The Process

It always feels strange to say a recipe is easy to make when it’s takes over four hours to prepare from start to finish. It’s true though. Much of the time is taken up with resting, cooking and then resting some more, so the hands-on aspect is very small.

For instance, the first instruction is to let the ham sit on the counter for an hour and a half. See? Painless. Next step; put the ham in the hot oven and let it cook for two hours. Effortless.

Except. Once the ham is in the oven, it’s time to make the glaze. It’s important to take the few minutes at the top of the ham’s baking time and make the glaze immediately so it has an opportunity to cool down before being brushed on.

After two hours, remove the ham from the oven, and the and the oven bag from the ham. Let it rest. During the period it’s collecting its thoughts on the counter is a good time to make the panko breading mixture and raise the oven’s temperature.

When ready, brush the incredibly sticky glaze on the ham, press on the panko mixture and return it to the hot oven to bake until golden brown.

If you’ve ever read a Cook’s Country magazine, you know that there are reasons for every little hoop that they put home cooks through. The recipes have been tried and tested many time. Chef Diane Unger went through six hams before settling on what you read above.

The trick is whether the success in the test kitchen translates to success in my kitchen.

The Verdict

Yeah, it does. Wow, does it. This ham is phenomenal. Dudette? Loved it. Two servings worth of loved it. In fact, we all took seconds. The ham is juicy and tender. The glaze has a perfect balance of sweet and tangy and the panko coating is crunchy, savory and delicious.

Not only is this ham fantastic hot out of the oven, but it’s equally superb the next day, sliced cold. It may be the best ham recipe I’ve come across to date.

It’s simply a gold medal winner. And a keeper.

What I’d Do Different Next Time

Absolutely nothing.

Crumb-Coated Baked Ham from Cook's Country, April/May 2013
Prep time
Cook time
Total time
Reviewed by:
Recipe type: Meat
Cuisine: American
Serves: 12
  • 1 8-9 pound bone-in spiral-sliced ham
  • 1 cup packed brown sugar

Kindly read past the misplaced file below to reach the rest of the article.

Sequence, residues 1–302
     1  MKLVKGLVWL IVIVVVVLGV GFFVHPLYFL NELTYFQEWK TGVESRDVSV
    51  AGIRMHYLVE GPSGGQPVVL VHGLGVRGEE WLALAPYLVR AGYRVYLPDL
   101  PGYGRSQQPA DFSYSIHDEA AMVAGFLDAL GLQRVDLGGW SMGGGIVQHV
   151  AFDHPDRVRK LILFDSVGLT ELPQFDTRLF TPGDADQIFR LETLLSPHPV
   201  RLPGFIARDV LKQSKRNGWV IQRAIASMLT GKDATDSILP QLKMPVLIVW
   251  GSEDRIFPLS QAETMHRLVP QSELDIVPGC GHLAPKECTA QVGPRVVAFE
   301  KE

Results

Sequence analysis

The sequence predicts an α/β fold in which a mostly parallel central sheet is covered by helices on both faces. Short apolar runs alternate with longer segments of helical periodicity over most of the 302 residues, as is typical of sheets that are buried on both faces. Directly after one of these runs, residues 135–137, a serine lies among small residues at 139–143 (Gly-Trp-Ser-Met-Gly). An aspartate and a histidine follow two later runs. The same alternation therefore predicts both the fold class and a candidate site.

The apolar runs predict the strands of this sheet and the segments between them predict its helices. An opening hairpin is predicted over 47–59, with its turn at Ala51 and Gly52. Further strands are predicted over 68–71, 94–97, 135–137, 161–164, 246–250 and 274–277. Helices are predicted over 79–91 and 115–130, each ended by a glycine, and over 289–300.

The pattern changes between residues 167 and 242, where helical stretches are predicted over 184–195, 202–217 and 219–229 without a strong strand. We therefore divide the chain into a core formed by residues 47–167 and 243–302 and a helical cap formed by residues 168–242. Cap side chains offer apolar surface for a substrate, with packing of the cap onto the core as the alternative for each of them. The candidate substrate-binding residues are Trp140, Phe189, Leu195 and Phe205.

• ½ cup spicy brown mustard
  • ½ cup balsamic vinegar
  • 2 tablespoons dry mustard
  • 2 teaspoons ground ginger
  • 1½ cups panko bread crumbs
  • ½ cup minced fresh parsley
  • 3 tablespoons vegetable oil
  • ¼ teaspoon salt
  • ¼ teaspoon pepper
  1. Line rimmed baking sheet with aluminum foil; set wire rack inside sheet. Place 12-inch square of foil in center of rack. Set ham on foil, flat side down and cover with oven bag, tucking bag under ham to secure it. Let ham sit at room temperature for 1½ hours.
  2. Adjust oven rack to lowest position and heat oven to 325 degrees. Bake ham until it registers 100 degrees, about 2 hours (Lift bag to take temperature; do not puncture.)
  3. Meanwhile, combine sugar, brown mustard, vinegar, dry mustard, ginger, and cloves in medium saucepan and bring to boil over medium-high heat. Reduce heat to medium-low and simmer until reduced to ¾ cup, 15-20 minutes. Let cool while ham cooks.
  4. Combine panko, parsley, oil, salt and pepper in bowl. Remove ham from oven, remove and discard oven bag, and let ham cool for 5 minutes. Increase oven temperature to 400 degrees.
  5. Brush ham all over with brown sugar-mustard glaze. Press panko mixture against sides of ham to coat evenly. Bake until crumbs are deep golden brown, 20-30 minutes. Transfer ham, flat side down, to carving board and let rest for 30 minutes. Carve and serve.


Yes, I used Colman’s dry and spicy mustard for my ham. No, this isn’t part of any company-requested promotion. A long time ago I did get a sample from Colman’s, and I fell in love with the mustard. Now it’s my go-to spicy and dry mustard choice and so I’m giving them a shout-out because they make me happy and happy is good.